Sunday of the Paralytic 2017 Homily

We have all sorts of maladies and sicknesses that afflict us: physically, mentally, and spiritually. These maladies can have all kinds of debilitating effects and can keep us from living our lives in peace and happiness. They can put us down, they can persuade us to persist in sin, they can give us mental or physical pain that pushes us to think that God has abandoned us and that there is no way out of our misery. The maladies that afflict us are here to tear us away from the source of our healing, they attack us to test the righteous, and to destroy those who are weak in faith. We each have some type of pain in our lives, some specific challenge that is ours alone—this pain is present, because it asks us several questions: what will we do to get rid of the pain? What remedy will we employ for relief—temporary relief, or permanent relief? Better yet, who will we go to for not just relief, but for total healing?
We can go to medical doctors to fix our flesh and bones, we can go to psychologists to help us navigate our difficulties, we can also commit sin and go to seers and readers to look to the dark spirit world as to what is going on in our lives. —Or, we can go come to our Father, we can return to the one who created us, the One who saved us. It is only through Jesus Christ that we will find true healing, true repair of our body and soul, it is only through Jesus Christ that we too can experience a resurrection from our brokenness, from our maladies, from our emotional pain, and from our state of sin- to be once again living in the peace of our Baptism, the peace of the kingdom of heaven.
Jesus seeks out those who have been in pain for a short time, or for many years like the paralytic who has been afflicted for 38 years. Jesus seeks us out to offer us healing, He knows His children, He knows the pain they endure, and He is knocking on our door to give us relief, to give us His peace, and to return us to a state of glory.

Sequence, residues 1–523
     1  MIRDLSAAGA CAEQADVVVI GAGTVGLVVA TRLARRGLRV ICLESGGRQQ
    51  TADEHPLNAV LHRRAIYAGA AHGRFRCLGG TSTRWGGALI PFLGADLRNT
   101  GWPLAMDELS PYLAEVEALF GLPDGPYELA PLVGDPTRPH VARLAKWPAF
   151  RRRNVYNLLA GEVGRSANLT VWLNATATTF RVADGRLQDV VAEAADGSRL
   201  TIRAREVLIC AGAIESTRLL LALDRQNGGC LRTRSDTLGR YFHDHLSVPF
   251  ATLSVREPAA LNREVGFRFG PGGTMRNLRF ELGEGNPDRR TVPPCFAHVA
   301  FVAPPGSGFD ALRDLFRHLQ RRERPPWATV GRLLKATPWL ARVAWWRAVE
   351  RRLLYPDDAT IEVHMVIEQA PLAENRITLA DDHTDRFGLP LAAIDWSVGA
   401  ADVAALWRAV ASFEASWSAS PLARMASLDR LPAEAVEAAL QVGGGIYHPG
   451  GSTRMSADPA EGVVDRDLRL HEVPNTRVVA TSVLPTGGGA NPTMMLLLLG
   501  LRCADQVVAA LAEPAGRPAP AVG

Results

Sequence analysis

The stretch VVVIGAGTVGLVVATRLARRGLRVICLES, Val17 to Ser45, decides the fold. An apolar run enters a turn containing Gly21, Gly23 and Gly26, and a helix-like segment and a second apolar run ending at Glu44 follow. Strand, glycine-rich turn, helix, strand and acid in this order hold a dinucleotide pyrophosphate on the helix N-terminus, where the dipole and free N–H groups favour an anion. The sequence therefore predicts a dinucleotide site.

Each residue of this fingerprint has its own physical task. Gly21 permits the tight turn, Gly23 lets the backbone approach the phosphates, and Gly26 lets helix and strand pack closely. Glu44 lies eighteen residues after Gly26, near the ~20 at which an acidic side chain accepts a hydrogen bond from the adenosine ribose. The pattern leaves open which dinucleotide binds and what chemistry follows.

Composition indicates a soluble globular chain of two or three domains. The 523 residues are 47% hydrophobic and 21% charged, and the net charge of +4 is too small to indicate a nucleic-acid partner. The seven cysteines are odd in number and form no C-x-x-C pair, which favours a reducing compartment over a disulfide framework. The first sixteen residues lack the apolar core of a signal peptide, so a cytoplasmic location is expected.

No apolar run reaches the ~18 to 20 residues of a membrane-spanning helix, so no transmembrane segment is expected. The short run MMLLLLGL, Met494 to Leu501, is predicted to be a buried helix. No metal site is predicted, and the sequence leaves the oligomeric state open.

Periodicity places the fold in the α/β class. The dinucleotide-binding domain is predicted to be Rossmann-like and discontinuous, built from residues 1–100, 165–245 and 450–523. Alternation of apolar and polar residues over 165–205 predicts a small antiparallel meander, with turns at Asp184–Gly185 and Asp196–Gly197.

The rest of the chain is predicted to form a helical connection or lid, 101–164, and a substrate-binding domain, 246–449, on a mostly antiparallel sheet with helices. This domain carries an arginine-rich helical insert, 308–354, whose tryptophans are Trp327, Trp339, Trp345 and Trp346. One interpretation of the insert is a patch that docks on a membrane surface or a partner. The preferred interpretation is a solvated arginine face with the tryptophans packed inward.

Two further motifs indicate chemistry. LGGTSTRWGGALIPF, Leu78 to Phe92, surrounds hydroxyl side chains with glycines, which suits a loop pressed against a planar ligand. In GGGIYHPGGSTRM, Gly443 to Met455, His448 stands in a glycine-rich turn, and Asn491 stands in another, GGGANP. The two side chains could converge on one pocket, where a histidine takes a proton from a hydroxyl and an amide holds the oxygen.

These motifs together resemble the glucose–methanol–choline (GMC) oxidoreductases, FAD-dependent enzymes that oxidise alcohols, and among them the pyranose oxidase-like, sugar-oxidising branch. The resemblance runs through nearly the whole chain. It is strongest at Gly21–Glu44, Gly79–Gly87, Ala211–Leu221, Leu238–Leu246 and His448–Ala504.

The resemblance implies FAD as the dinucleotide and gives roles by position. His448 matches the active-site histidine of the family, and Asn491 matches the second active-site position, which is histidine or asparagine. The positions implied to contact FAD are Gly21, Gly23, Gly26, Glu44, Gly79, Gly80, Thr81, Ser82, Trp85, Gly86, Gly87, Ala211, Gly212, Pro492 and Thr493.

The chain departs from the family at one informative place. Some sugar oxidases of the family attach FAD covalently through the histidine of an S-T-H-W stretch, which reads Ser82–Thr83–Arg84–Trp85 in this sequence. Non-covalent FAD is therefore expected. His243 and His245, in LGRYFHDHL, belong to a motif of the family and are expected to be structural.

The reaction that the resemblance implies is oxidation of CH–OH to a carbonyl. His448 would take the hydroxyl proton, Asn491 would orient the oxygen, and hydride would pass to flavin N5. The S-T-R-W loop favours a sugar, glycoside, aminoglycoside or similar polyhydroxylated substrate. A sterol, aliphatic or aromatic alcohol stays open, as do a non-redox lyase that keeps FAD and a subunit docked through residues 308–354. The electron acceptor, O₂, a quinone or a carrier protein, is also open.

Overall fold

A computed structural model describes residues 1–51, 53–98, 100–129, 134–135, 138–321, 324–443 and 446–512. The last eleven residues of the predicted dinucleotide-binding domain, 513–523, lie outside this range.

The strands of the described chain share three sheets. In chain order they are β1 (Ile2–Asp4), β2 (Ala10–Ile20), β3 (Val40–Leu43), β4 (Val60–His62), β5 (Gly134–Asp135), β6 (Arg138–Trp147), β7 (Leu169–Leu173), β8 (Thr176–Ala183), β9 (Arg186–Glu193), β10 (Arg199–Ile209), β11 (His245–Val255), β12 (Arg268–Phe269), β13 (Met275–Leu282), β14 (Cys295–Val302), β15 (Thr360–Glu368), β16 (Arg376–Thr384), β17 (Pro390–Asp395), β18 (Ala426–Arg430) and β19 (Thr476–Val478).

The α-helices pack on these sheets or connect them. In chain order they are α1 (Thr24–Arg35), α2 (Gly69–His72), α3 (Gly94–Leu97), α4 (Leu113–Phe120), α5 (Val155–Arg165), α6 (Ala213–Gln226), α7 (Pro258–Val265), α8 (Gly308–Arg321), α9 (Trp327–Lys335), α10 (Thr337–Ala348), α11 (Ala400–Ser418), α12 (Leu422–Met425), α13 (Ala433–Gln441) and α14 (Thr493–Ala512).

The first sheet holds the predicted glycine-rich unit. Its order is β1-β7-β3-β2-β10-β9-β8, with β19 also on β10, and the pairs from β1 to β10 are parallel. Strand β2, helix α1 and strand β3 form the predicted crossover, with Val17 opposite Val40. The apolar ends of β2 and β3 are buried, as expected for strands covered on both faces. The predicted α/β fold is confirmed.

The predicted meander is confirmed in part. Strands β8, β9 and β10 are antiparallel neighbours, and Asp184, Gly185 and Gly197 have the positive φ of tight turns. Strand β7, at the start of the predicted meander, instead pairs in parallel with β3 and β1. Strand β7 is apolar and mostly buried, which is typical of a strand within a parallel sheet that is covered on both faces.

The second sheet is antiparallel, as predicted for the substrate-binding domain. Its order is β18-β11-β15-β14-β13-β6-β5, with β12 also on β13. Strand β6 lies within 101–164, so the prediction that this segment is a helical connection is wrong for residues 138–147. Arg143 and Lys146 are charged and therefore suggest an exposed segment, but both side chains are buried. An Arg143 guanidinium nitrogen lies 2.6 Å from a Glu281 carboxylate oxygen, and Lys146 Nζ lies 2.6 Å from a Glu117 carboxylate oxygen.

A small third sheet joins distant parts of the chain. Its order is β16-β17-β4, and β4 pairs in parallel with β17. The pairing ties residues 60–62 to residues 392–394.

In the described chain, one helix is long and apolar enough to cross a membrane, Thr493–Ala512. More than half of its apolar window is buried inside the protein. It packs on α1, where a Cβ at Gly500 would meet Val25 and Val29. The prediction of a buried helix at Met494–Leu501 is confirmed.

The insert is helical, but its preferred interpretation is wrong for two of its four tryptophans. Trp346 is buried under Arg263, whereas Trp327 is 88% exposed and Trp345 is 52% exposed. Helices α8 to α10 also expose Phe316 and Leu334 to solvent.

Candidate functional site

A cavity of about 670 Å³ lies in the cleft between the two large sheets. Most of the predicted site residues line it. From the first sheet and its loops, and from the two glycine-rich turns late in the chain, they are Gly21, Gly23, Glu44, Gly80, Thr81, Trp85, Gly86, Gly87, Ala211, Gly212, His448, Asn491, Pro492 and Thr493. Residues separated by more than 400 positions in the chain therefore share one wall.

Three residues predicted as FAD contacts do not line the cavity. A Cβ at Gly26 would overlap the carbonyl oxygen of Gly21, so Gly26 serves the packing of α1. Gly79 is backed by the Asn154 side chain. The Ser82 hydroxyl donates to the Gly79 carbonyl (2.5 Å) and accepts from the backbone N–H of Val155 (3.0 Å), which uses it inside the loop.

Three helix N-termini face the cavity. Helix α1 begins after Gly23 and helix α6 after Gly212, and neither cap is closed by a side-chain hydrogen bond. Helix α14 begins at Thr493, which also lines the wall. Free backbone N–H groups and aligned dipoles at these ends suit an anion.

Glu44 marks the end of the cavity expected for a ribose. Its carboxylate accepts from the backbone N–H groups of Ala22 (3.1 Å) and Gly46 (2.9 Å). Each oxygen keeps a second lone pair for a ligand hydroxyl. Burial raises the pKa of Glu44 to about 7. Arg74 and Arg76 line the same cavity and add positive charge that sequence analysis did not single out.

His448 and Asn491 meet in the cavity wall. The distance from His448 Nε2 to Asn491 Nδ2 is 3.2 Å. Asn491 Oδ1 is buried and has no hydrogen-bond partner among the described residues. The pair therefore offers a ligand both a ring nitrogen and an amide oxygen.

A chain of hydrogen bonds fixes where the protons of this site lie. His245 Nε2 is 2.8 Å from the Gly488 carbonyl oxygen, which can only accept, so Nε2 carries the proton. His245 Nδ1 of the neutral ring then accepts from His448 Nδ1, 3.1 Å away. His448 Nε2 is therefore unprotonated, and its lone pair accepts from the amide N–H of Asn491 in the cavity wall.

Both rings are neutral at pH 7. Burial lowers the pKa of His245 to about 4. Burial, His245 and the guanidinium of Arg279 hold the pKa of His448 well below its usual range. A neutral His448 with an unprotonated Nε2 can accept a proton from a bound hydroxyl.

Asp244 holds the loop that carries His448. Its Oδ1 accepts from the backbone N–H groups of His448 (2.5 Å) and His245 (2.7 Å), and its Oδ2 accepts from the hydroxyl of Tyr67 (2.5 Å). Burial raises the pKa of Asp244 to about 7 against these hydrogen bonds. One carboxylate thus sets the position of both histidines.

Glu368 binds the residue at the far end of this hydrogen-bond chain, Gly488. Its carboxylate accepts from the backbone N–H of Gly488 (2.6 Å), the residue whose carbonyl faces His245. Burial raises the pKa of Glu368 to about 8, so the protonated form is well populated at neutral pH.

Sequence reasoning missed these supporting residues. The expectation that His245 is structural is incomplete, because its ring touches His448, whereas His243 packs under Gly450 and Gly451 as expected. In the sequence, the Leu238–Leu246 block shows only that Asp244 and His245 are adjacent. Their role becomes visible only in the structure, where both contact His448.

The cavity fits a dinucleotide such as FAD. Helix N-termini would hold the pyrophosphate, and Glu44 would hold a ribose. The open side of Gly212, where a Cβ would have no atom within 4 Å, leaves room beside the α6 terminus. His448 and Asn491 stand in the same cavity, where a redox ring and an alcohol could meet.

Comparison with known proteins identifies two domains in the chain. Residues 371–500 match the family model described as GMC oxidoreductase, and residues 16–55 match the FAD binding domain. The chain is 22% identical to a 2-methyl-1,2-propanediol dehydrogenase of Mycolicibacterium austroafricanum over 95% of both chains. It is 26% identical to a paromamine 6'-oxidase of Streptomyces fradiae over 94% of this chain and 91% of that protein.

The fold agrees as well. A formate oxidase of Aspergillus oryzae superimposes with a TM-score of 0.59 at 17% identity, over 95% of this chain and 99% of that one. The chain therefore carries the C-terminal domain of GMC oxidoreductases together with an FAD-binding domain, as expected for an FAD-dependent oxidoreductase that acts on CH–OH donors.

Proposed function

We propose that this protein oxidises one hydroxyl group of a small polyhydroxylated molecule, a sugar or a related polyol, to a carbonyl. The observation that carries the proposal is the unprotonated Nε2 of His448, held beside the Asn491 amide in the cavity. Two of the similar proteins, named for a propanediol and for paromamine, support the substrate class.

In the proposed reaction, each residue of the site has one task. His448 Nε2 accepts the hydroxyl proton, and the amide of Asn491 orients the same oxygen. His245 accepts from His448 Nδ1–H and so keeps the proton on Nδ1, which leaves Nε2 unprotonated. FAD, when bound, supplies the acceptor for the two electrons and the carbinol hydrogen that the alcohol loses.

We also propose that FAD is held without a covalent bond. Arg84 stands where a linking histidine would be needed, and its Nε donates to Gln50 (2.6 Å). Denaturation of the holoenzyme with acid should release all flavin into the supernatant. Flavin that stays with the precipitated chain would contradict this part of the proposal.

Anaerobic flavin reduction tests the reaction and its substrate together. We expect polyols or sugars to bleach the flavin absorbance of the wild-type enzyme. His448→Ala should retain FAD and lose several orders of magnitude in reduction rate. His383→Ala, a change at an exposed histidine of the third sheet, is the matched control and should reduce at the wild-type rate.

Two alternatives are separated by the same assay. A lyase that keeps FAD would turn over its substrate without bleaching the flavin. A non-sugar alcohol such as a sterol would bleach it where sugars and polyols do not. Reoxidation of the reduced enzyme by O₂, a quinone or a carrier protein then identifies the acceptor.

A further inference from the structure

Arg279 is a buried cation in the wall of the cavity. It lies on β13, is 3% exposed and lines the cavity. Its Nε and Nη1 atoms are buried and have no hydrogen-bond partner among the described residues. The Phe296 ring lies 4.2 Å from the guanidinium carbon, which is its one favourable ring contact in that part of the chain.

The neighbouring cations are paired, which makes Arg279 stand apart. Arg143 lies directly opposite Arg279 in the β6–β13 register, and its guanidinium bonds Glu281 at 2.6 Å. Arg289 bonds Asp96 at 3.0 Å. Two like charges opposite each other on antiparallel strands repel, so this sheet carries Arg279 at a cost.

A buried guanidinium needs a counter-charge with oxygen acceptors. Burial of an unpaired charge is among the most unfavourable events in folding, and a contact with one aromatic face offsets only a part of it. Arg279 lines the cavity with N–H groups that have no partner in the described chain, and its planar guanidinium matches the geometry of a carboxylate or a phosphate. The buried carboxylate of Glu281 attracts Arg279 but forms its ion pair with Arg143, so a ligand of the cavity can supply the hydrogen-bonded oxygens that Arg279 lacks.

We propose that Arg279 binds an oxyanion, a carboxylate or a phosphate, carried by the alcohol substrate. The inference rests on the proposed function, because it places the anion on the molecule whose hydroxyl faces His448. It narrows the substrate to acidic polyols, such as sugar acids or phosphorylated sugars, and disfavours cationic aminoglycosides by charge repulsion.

But in God’s wisdom, He gave us free will, since God loves us unconditionally, He cannot control us, for if we were controlled by God, if our actions were not our own choice but were the decisions of a puppet master, then we would not be free, we would be enchained, we would be slaves. Jesus asked the paralyzed man if he wanted to be healed, he did not assume it, but allowed the man to speak for himself, Jesus wanted to hear what the man had to say about his condition and malady. The man in reply did not complain, he did not lament his condition, he did not ask for pity —he simply said that he did not have anyone to help him to get into the pool to be healed. Jesus’ reply could be understood as this, “I will help you, I will heal you, get up and experience your wholeness, experience the restoration of your body.” By the man’s patience, by his meekness and faith, he got up and went into the temple to worship God.
Peter too has brought people back to wholeness, he healed a paralyzed man by the name of Jesus, he rose a dead women through his prayer to God. It is through Jesus, through Peter, and through the One, Holy, Catholic, and Apostolic Church that we are brought back to wholeness, that our maladies can be expunged, and that our pain can be relieved.
Jesus has mercy on those who desire to be healed, He has mercy on those who hear him knocking on their door, and if we open up the door, open up our lives to Him, tear down the walls of our defenses and invite Jesus to live in our hearts, then we too will be told not only that we are healed, but we will be invited to experience wholeness in our lives, through Jesus Christ our Lord, and in His Holy Church.

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